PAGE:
As part of our ongoing jewelry history series, today we introduce pieces from the Art Nouveau period, with its flowing and fantastical forms and shapes.
The “Art Nouveau” (“new art”) movement was one of the first departures from classical art and design, towards a new modernism. This avant-garde movement occurred during what was known in France as the “La Belle Époque” period, or “beautiful era” of the late 19th and early 20th centuries. In Germany, the Art Nouveau movement was known as the “Jugendstil,” or “youth style” arts and crafts movement, named after “Jugend,” a cultural weekly magazine founded by Georg Hirth in 1896.
The Modernism movement was primarily influenced by the radical work of Czech (Moravian) artist Alphonse Maria Mucha (1860—1939), Swiss decorative artist Eugène Samuel Grasset (1845—1917), and English illustrator Aubrey Vincent Beardsley (1872—1898) — illustrator of the “The Peacock Skirt” below, left—and the ground-breaking architectural design work of Hector Guimard (1867—1942) of Paris (Paris Métro – below, right) and the surrealist architecture of Antoni Plàcid Gaudí (1852—1926) in Barcelona, Spain.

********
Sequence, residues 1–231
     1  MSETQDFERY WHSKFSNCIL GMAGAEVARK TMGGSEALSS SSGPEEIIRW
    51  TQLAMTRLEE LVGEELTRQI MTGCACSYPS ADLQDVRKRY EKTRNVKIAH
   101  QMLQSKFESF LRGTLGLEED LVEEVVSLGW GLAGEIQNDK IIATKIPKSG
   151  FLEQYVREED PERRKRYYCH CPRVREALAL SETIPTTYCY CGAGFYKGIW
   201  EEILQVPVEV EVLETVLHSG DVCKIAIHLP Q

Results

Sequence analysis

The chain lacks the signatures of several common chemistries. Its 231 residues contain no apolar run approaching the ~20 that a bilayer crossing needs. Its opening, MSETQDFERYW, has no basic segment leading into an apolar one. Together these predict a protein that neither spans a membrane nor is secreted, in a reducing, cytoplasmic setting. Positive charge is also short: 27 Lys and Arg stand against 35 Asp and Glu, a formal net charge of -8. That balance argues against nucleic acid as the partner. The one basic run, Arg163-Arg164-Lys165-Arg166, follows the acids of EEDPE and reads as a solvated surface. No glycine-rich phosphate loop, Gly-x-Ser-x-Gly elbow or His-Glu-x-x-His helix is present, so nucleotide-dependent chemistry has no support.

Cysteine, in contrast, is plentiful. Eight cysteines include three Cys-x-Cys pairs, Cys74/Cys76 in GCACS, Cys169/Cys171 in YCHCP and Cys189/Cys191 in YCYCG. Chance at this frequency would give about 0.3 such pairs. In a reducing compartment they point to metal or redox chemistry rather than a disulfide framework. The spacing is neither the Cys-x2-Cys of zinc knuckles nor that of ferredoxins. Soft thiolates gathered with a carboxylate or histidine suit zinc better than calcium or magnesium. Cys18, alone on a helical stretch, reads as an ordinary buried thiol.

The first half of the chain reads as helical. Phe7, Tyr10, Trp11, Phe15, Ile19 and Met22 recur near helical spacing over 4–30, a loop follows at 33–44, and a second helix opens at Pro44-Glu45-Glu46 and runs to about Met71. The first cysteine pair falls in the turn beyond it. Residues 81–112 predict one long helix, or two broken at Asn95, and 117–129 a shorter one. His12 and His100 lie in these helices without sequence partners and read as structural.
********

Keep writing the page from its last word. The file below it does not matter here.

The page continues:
Design motifs of the Art Nouveau movement focused heavily on the themes of nature, fantasy, and the female form, with sensual flowing shapes that simulated the organic growth that would be reminiscent of the primeval Garden of Eden.
Exotic floral motifs with animals, birds, butterfles, dragonflies, peacock feathers and marsh plants were incorporated with graceful feminine imagery or fairies, mermaids and nymphs, complete with their long manes of twisting hair.
Some of the floral motifs that were used in the Art Nouveau style were borrowed from English artist William Morris, founder of the “Arts and Crafts Movement” of the late Victorian era.
Source: All About Gemstones